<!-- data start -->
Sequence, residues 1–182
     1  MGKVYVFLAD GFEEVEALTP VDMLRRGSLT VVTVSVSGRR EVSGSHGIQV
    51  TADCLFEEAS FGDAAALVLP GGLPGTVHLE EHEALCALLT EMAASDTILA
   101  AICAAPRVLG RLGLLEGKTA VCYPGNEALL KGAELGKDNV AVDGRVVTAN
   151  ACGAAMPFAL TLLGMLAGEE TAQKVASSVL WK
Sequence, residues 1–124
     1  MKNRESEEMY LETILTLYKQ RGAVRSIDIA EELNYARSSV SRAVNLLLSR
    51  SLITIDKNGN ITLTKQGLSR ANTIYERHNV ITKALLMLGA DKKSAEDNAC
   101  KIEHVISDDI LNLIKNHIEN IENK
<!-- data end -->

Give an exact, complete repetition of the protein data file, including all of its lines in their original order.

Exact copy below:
Sequence, residues 1–182
     1  MGKVYVFLAD GFEEVEALTP VDMLRRGSLT VVTVSVSGRR EVSGSHGIQV
    51  TADCLFEEAS FGDAAALVLP GGLPGTVHLE EHEALCALLT EMAASDTILA
   101  AICAAPRVLG RLGLLEGKTA VCYPGNEALL KGAELGKDNV AVDGRVVTAN
   151  ACGAAMPFAL TLLGMLAGEE TAQKVASSVL WK
Sequence, residues 1–124
     1  MKNRESEEMY LETILTLYKQ RGAVRSIDIA EELNYARSSV SRAVNLLLSR
    51  SLITIDKNGN ITLTKQGLSR ANTIYERHNV ITKALLMLGA DKKSAEDNAC
   101  KIEHVISDDI LNLIKNHIEN IENK